When flood waters from Hurricane Matthew began to rise Oct. 9 and a fire trapped someone inside a home, Virginia Beach Master Firefighter Alexander Wazlak and his crew responded like they would any other day.
They had no idea they were about to lose a fire truck. Among Virginia Beach first responders, they were not alone.
Two weeks after the storm, the city faces an estimated cost of $1.25 million to replace emergency vehicles lost to flood damage, including police cars, ambulances and a reserve truck from the Virginia Beach Fire Training Academy, according to City Manager David Hansen’s Hurricane Matthew recovery briefing for city council on Tuesday, Oct. 25. The fire truck, which was being used by Fire Station No. 20, will cost $500,000 to replace, an amount budgeted from the Fire Apparatus Capital Improvement Program, according to VBFD Public Information Officer Art Kohn.
Wazlak has worked for VBFD for 13 years, and calls Station No. 1, at 2837 Shore Dr., his office. But the night Matthew hit, he worked at Station No. 20, at 885 Little Neck Rd., because it was short on manpower.
“We were going to wires down calls all over Little Neck Road and trees were coming down … you could see transformers blowing off in the distance,” said Wazlak recalling the night’s work shift. “During those times, I get really focused.”
Wazlak worked through the night of Oct. 8, and at around 8 a.m. on Oct. 9, the call came.
The battalion chief saw smoke rising in the Bow Creek area, confirmed a fire, and Wazlak drove his crew toward it in a reserve 2002 American LaFrance Pumper, a truck designed to attack flames. A typical pumper carries 500 gallons of water and 1,000 feet of 5-inch supply line used to connect to a water source.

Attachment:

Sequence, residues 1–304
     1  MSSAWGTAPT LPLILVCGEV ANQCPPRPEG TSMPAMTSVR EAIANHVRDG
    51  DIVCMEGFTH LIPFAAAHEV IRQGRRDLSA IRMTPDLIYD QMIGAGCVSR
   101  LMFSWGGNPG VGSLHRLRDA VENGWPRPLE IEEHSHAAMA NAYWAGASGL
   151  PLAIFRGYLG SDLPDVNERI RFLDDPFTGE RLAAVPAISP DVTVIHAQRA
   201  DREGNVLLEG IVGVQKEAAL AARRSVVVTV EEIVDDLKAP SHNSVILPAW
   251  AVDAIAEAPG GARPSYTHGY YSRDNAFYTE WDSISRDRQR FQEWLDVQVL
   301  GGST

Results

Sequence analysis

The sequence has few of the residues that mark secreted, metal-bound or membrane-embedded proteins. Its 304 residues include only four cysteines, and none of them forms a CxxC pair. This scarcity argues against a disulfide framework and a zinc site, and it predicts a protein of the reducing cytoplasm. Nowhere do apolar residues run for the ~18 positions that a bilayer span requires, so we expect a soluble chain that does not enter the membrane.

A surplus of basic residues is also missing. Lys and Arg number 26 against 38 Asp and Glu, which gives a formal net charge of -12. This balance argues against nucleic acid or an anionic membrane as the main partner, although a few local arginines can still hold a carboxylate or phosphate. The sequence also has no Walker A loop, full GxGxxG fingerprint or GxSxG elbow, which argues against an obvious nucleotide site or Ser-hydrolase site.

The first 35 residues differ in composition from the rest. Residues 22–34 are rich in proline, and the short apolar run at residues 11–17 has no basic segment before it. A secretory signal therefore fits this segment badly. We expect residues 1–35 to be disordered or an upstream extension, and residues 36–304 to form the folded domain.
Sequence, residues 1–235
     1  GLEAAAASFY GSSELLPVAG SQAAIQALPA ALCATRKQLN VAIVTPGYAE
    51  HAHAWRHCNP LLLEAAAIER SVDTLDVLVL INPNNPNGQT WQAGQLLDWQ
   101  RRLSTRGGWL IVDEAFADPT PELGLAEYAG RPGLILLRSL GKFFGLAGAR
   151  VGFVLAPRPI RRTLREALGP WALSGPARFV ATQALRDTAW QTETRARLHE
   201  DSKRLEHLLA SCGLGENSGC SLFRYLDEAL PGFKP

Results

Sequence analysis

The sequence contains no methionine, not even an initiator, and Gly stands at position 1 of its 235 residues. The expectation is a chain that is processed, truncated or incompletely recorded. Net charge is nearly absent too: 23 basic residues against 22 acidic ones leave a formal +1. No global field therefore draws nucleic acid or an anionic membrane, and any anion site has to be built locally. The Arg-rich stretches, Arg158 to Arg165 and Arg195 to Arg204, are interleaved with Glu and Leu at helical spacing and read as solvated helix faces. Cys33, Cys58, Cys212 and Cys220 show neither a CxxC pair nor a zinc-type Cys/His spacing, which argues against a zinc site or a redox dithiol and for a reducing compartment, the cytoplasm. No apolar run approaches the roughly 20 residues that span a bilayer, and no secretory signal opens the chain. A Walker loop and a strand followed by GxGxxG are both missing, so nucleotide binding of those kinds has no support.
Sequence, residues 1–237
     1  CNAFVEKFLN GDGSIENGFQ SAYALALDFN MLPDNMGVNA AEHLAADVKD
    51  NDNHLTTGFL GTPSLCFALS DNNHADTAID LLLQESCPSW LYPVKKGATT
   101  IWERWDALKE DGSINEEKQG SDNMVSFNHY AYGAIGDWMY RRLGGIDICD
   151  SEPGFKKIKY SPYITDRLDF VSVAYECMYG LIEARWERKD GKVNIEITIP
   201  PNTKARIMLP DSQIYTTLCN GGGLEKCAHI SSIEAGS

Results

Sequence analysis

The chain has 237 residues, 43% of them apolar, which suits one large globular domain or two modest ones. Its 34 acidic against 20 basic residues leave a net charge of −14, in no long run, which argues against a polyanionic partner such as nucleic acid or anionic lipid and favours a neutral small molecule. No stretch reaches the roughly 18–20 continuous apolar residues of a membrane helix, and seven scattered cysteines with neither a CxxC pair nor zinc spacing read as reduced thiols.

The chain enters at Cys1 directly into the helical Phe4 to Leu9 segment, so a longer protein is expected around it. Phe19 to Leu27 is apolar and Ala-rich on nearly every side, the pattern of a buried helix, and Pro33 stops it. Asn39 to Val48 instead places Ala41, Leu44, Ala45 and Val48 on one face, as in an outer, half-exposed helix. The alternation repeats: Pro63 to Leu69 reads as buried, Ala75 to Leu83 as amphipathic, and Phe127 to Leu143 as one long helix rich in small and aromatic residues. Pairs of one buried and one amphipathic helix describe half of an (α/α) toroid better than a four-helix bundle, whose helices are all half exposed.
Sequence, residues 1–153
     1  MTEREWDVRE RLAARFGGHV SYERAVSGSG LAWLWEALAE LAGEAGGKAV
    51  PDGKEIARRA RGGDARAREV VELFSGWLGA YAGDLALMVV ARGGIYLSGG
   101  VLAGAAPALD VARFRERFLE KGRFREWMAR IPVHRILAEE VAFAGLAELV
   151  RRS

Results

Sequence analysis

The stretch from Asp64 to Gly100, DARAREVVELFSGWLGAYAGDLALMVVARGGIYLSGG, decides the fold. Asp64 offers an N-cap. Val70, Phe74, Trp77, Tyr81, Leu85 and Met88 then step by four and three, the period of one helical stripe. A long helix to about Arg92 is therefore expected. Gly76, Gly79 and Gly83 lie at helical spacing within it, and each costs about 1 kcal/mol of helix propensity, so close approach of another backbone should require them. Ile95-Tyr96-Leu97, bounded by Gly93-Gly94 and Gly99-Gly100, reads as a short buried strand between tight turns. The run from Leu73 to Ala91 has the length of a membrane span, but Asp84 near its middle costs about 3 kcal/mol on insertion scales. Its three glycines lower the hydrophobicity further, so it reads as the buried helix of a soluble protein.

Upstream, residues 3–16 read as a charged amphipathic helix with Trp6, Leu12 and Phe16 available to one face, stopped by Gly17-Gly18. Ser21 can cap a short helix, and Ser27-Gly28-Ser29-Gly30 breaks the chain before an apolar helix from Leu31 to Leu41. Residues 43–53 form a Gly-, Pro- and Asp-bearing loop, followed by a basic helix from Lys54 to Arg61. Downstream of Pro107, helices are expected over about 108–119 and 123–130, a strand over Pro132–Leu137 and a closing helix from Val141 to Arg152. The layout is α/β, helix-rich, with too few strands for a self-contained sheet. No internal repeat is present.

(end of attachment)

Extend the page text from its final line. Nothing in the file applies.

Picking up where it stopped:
“I was trying to get to the fire and I could only go so fast … I didn’t want to get water in the engine and I was watching these waves coming from the fire truck crashing into people’s houses … cars were floating … anything with air in it was floating,” said Wazlak.
A visual that stands out to Wazlak is driving on bridges, once above water, and barely being able to see the guard rails, he said. The water came up to the truck’s front bumper, which made it look like a metal island in motion.
When they arrived, there was so much water in the street they couldn’t find a fire hydrant. So they laid a supply line from the truck to the street, using the flood to put the fire out.
Wazlak, who stands at six-feet-two-inches tall, said the water came up to his thighs. After wading through water mixed with sewage and oil, the person escaped the house and VBFD extinguished the fire. Wazlak describes it as “controlled chaos.”
The drive back was tricky because of caddy-cornered cars, drivers in opposite traffic lanes and dips in the road, Wazlack said. The truck eventually made it back to Station No. 20.
Shortly after returning, Wazlack hopped back into the driver’s seat to survey the area for a damage report.
“I remember we were driving through the neighborhood and I got a check engine light on,” said Wazlak. His officer told him to turn around.
“I made a U-turn, and it wasn’t but two seconds later that the truck started shaking and backfired. Then I immediately killed the battery.”
That was the end of the road for the fire truck. Wazlak and his crew called a tow truck and his battalion chief gave them a ride back to the fire station.
Now, the fire truck sits on a list of city vehicle losses, along with 15 police cars, five human services vehicles and a Department of Public Works pump truck. Norfolk Police Department and Norfolk Fire-Rescue told Southside Daily they lost no vehicles during Hurricane Matthew, though some of their vehicles need repairs.
“It’s going to stick with me for a very long time, probably for the rest of my career,” said Wazlak. “You see flooding in the area year after year, but a flood that deep in that part of the city, and a fire, is extremely rare.”
Contact Justin at Justin@southsidedaily.com.